On-demand access to electric mopeds — the small, motorised scooters that you sit on, not kick — has been a small but persistent part of the multi-modal transportation mix on offer to people in cities these days. Today, a startup out of The Netherlands is announcing some funding with ambitions to make e-mopeds more mainstream, and to expand into a wider set of vehicle options.
Go Sharing, which has a fleet of around 5,000 e-mopeds across in 30 cities in three countries — The Netherlands, Belgium and Austria — has picked up €50 million (around $60 million). The startup, based near Utrecht, plans to use the funding to expand its footprint for e-mopeds; add electric cars and e-bikes to its app; and continue building out the technology underpinning it all.
Go Sharing believes tech will be the answer to creating a profitable operation, using AI algorithms to optimize locations for e-mopeds, encouraging people to drop off in those locations with incentives like discounts, and keeping that network charged.
Germany, the UK and Turkey are next on Go Sharing’s list of countries, the company said.
The funding is being led by Opportunity Partners — a firm based out of Amsterdam that also backs online supermarket Crisp, with the startup’s founders — CEO Raymon Pouwels, Doeke Boersma, and Donny van den Oever — also participating. A previous round of about $12 million came from Rabo Corporate Investments, the VC arm of the banking giant.
In a world where we now have many choices for getting around cities — taxis, public transport, push and electric bikes, scooters, walking, carpools, car rentals or our own cars — e-mopeds occupy an interesting niche in the mix.
They can be faster than bikes and scooters — 25 km per hour is a typical speed limit in cities, 40 km per hour in less dense areas — more agile than cars, completely quiet compared to their very noisy fuel-based cousins, and of course much more eco-friendly. For those managing fleets, they less likely to break down and need replacing than some of the other alternatives like e-bikes and e-scooters.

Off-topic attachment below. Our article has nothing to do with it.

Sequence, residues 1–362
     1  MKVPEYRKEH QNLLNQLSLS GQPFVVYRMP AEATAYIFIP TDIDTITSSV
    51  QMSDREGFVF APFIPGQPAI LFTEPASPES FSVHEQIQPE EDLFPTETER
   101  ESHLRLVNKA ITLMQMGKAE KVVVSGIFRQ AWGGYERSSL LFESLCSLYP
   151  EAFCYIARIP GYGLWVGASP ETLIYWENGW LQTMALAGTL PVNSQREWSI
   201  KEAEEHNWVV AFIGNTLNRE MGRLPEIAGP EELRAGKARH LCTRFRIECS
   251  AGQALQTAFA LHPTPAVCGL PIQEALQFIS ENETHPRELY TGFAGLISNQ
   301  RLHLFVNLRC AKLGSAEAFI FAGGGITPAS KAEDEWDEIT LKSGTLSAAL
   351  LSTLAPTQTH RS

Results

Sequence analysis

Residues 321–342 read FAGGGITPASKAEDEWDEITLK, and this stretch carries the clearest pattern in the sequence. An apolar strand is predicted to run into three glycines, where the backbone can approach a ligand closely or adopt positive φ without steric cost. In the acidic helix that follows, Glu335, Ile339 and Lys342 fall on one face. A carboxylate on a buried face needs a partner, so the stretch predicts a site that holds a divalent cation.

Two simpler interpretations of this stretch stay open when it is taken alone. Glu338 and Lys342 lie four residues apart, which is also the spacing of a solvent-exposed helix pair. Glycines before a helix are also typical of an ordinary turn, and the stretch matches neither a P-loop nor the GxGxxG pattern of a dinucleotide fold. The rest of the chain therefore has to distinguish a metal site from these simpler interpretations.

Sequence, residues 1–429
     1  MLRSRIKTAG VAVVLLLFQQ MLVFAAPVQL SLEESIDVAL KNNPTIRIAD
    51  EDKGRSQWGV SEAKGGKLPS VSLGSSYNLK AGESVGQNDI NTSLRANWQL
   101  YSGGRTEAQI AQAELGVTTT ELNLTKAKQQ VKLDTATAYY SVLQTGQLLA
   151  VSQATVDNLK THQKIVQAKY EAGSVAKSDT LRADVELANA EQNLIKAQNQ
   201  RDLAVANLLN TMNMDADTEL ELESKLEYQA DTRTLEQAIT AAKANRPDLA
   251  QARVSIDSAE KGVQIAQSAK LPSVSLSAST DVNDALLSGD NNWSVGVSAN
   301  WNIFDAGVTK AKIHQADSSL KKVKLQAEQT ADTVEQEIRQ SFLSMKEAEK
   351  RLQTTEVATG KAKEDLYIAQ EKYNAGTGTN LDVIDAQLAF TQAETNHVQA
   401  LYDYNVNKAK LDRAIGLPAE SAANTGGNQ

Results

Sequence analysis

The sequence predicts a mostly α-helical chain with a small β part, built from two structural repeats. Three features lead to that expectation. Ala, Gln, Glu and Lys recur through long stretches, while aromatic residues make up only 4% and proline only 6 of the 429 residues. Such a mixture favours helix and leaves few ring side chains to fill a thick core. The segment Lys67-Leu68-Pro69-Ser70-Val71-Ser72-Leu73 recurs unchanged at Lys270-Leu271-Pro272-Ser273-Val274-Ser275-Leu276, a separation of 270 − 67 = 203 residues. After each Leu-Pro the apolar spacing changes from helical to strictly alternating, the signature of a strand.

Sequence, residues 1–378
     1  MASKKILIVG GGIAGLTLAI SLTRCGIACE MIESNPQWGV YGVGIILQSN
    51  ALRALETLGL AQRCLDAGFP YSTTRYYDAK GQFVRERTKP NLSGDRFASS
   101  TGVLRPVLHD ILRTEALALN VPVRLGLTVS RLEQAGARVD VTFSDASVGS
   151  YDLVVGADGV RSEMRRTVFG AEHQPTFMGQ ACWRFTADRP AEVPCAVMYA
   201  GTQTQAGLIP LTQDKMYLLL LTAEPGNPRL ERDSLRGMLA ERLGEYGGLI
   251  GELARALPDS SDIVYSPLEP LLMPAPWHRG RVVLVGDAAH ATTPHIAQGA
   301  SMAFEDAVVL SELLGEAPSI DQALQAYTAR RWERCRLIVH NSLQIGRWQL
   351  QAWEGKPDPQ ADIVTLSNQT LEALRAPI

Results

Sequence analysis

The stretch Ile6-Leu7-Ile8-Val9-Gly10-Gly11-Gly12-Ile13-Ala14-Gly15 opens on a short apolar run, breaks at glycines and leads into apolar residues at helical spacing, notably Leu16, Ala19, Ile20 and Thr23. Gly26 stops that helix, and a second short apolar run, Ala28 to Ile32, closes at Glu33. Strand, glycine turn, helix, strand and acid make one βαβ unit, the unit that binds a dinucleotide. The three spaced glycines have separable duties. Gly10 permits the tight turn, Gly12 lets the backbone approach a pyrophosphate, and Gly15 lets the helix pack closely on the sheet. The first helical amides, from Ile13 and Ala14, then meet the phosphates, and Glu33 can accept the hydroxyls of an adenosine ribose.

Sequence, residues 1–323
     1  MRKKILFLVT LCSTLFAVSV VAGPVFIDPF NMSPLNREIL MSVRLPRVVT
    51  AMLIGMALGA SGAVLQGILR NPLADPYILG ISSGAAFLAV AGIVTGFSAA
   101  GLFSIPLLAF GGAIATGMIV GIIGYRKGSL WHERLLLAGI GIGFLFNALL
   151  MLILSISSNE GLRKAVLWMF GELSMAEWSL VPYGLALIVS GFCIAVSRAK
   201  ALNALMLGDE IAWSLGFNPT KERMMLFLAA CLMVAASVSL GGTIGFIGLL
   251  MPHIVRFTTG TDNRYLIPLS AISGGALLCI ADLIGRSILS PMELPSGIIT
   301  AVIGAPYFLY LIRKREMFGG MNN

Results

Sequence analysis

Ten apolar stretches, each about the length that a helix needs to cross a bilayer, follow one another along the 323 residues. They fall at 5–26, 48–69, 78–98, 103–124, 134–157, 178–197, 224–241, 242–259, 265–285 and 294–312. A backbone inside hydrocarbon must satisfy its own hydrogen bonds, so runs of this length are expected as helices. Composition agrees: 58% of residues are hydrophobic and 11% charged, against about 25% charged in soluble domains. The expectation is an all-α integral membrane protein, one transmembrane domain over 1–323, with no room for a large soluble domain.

But they also represent a higher barrier to entry for picking up customers: riders need a license to operate them as you would other moving vehicles, and in some (but not all) places they need to wear helmets; and the operators of fleets need to sort out how required insurance will work and need special permits as a vehicle provider in most places, and they can also face the same issue as other vehicles like bikes and kick scooters of being a public nuisance when parked.
That mix of challenges — and the fact that fleets can be expensive to operate and might even if all the boxes are ticked still not attract enough users — has meant that the e-moped market has been a patchy one, with some startups shutting down, some cancelling cities after low demand, or retreating over and then returning with better safety measures.
Yet with on-demand transport companies increasingly looking to provide “any” mode in their multi-modal plays to capture more consumers at more times, they remain a class of vehicle that the bigger players and newer entrants will continue to entertain. Lime earlier this year said it was adding e-mopeds to its fleet in certain cities. Uber teamed up with Cityscoot in Paris to integrate the e-moped’s fleet into its app. Cityscoot itself raised some funding last year and is active in several cities across Europe.
And while it can be work to get permits and other regulatory aspects in place to operate services, Pouwels said that Go Sharing was finding that many municipalities actually liked the idea of bringing in more e-mopeds as an eco-friendly alternative to more vehicles — the idea being to provide a transport option to people who are not interested in kick-scooters or bikes and might have driven their own cars, meaning they already have licenses.